Playing in water opens many avenues for science explorations—flow, wetness or phases of matter, volume, and buoyancy. Unexpected results make children think and explore further. For example, children know that fish are supposed to float, so playing with a toy fish that sinks will get children thinking about why. We can let children know that questions are to be shared by listening to theirs, asking open-ended questions, and then having the students record their answers, or dictate to us to record. Science activities are good platforms for using literacy skills because children often want to tell the story of what they did. Read the November 2009 Early Years column in Science and Children about creating a book about a classroom investigation. View sample book pages at www.nsta.org/SC0911.
Given an assortment of interesting objects and a tub of water, children will make discoveries while playing. Demonstrate the definitions for those unfamiliar with the words “float” and “sink” with two objects, perhaps a cork and a coin. With experience and enough interestingly shaped objects, students learn that whether an object floats or sinks is related to both the material it is made from, and its shape. To begin with, a sink-or-float exploration can focus on the property of materials. Materials which challenge assumptions include, sponges, pumice, fruit, small lidded containers (some completely, some partly, filled with water), soap, and dense plastic models of animals that swim (children often think these will float like their real-life counterparts). A variety of balls, jar and bottle lids, keys and coins, plasticine clay, and sea shells are attractive to children, and they may also want to choose items to test from the classroom.
After a period of minutes or days of exploration, students can do some predicting using this knowledge. Using exaggerated body gestures to represent our predictions is fun. “Do you think it will float?” Put your hands high above your head and gently wave them like they are floating above you. “Do you think it will sink?” Slide your hands down from your shoulders to your lap like they are sinking. With a bit of direction by the teacher towards documenting their thinking in drawings or writing, the children will have a record of their predictions to compare with what they find out when they put the object in water.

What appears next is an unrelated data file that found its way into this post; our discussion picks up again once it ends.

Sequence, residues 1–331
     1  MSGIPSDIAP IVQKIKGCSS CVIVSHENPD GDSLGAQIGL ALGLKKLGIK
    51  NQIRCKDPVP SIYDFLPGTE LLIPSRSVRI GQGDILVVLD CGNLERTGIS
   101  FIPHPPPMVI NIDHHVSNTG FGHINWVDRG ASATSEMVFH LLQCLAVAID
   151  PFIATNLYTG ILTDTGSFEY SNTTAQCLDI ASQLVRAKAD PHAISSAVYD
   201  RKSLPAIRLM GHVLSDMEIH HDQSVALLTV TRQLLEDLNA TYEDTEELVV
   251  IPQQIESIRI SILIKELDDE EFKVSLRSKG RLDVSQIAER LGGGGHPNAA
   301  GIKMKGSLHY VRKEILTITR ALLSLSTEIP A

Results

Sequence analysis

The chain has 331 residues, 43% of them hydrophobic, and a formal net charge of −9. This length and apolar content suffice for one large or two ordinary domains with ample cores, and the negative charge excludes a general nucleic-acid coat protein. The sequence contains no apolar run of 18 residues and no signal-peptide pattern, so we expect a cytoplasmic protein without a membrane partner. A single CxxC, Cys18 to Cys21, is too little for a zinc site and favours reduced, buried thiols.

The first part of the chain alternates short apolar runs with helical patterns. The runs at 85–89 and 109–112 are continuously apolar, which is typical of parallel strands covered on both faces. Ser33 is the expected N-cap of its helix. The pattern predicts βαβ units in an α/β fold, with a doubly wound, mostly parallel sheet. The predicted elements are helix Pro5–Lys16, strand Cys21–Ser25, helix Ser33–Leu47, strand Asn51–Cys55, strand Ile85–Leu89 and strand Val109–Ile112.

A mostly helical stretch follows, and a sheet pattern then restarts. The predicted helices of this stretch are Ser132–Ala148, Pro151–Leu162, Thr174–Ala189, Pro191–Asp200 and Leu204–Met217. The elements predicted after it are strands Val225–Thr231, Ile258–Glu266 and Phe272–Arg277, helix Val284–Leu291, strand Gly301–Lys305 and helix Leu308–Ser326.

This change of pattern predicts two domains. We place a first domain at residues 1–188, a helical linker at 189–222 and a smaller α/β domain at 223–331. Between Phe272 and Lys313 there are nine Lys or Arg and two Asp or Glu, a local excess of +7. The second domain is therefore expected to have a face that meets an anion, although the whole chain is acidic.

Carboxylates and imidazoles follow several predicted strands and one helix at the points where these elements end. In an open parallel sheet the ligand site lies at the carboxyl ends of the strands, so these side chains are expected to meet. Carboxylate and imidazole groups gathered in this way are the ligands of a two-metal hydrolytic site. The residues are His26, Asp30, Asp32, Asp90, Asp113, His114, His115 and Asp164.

Students can explore buoyancy with a Discovery Bottle—for details read Sandy Watson’s article, Discovery Bottles, in the July 2008 issue of Science and Children. She explains how “Discovery bottles are inexpensive, quick to assemble, and an excellent way to provide students with practice in developing science-process skills, such as observing, measuring, predicting, and so on.”
The next time you can present some new objects and ask the children to separate the objects into groups, those that they think will float and those that they think will sink. The children may choose to create a third group of those objects they aren’t sure about, or objects that sometimes sink and sometimes float. Be sure to let children know that it is okay to have differing predictions. To keep the two concepts clear in their minds, use two clear cups on the table, one with a sinking object in it and one with a floating object in it, to represent the two groups, and the children can place objects around the cups. Tell the children that scientists ask questions and try to answer them and they can too.
I like to keep some towels handy to help with clean up, and to rinse all objects with a bleach solution and allow them to air dry before storing. Send home the children’s papers documenting their work and it might inspire families to continue the exploration at home in the bathtub or at the sink.